‘I want them to beg me’, posted Conor in an instagram post in response to the three callouts directed at him at the most recent UFC fight night. It appears that Frankie Edgar is obliging. His slightly bizarre claims of McGregor ducking him has left many fans and commentators scratching their heads, coming just two weeks after McGregor’s 13 second KO to complete the Featherweight ascendancy he predicted as a spotty faced teen.
On the one hand, we have Conor McGregor. Newly crowned featherweight champion who’s brash persona and unprecedented superstardom is single-handedly changing the game.
On the other, we have Frankie Edgar, who’s humility endears him to all on the MMA fan spectrum. More importantly, he’s on a five fight tear that includes Hall of Fame’r BJ Penn, a ‘performance of the night’ honour against Cub Swanson and a devastating KO of top three contender Chad Mendes. Following the last victory, he was promised a title shot personally by Dana White in front of MMA journalists at the post fight presser.
So Frankie Edgar’s transparent attempts to force the title shot aren’t by any means unreasonable, however outlandish they may seem. Frankie recognises he has very little influence in the direction of the UFC-McGregor hype train. For that matter, even UFC brass may realise that it’s probably out of even their hands at this point. The McGregor hype has transcended boiling point, passing all past past points of comparison to a stage in which very few can influence the decisions his career decisions at this point.
So Frankie is playing the modern MMA matchmaking game. Nate Diaz is doing the same. Charles Oliveira, Nate Diaz, Tony Ferguson and Max Holloway are doing the same. McGregor is the money fight, accompanied by the accolade of becoming the fighter that was able to survive the mental warfare and dethrone the self-described ‘king of the game’. It undoubtedly irks Frankie to see so many fighters jumping the gun ahead of a fighter who has earned a title shot moreso than any other fighter on the UFC roster. This is why we’re seeing him abandon his laid back back style and attempt to demand Conor’s attention.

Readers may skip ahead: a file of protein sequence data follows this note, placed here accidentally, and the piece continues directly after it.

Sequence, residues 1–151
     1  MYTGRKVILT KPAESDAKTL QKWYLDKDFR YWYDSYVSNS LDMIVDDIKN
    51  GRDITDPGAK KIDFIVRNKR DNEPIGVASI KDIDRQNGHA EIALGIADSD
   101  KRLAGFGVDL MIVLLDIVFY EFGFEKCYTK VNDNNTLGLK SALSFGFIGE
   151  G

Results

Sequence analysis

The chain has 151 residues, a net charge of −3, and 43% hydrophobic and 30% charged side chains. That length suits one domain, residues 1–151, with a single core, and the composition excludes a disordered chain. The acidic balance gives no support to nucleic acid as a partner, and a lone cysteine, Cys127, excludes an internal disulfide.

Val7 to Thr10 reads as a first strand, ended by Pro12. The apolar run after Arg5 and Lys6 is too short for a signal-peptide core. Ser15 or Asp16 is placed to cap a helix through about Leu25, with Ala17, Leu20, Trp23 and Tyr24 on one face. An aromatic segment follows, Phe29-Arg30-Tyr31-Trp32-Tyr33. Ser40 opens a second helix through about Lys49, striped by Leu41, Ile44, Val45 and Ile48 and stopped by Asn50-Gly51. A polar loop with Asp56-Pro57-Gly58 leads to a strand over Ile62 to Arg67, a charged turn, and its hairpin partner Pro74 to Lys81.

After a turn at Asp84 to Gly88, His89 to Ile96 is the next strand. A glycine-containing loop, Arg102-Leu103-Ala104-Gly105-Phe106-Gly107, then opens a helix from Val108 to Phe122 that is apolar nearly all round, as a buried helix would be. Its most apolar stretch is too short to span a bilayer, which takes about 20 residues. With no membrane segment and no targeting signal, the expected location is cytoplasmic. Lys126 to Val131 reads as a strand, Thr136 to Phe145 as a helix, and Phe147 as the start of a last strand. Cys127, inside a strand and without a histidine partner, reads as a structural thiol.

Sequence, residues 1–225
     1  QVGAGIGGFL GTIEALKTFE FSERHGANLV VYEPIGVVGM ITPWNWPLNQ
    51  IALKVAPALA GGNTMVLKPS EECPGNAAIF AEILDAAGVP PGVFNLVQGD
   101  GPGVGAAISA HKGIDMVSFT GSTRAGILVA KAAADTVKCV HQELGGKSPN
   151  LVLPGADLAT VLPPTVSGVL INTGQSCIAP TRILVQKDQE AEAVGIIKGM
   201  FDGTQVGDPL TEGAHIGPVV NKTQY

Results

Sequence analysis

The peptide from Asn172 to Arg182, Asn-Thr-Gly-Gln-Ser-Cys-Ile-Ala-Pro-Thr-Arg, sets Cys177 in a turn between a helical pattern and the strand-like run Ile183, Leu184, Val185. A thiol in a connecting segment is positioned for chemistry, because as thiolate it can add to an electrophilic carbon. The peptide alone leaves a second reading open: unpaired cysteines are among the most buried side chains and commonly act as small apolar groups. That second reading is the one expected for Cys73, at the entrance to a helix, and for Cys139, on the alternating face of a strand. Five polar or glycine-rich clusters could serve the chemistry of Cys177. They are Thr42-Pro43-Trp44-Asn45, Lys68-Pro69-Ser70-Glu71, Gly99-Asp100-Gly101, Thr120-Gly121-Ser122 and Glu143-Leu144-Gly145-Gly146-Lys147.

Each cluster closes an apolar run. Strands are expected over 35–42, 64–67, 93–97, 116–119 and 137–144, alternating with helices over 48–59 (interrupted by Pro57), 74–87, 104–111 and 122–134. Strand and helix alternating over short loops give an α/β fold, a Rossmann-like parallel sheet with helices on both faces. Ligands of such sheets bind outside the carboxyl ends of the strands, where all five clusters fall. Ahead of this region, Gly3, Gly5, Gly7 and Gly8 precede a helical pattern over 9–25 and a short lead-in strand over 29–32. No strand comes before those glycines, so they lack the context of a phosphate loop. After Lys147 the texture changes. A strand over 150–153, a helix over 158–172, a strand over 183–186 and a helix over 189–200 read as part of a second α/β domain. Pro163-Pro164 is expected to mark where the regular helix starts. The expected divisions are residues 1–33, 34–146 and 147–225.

In my view, he’s going about this the wrong way. His claims have looked desperate and transparent; nobody is going to take his claims of the last week seriously, least of all McGregor.
He could always of course wait for Conor to fight at Lightweight and return to take another Featherweight fight. A win against Aldo or Holloway would cement his credentials as a number one contender. This does very little to advance his position, however. Nobody is doubting his right to a shot, so he has already reached the end of the road in that particular route to the title.
Edgar is unlikely to penetrate McGregor’s proclaimed’bullet proof’ mindset. He can’t compete with Diaz by trash talking, whereas the RDA fight has the natural appeal of establishing Conor as the first two division champion. His best bet is to appeal to Conor’s financial ambition, appealing to the fans and generating genuine interest for the fight at a grass-roots level.
Clearly the best way to do this is to advertise the stylistic match-up he provides. His wrestling credentials, high volume striking and recently demonstrated KO power would present McGregor with a challenge that many feel should have been provided in the Aldo fight, leading various commentators to speculate that Frankie may be McGregor’s toughest fight in the LW division.
I’m convinced that the fan appeal for this fight is already there. Most fans that have followed MMA for a while will be familiar with Edgar’s appeal, but this untapped potential needs a catalyst to translate to more casual fans and the fight will sell itself. Frankie just needs to realise that this to access this is through sticking to his personality that has got him this far for just a little longer.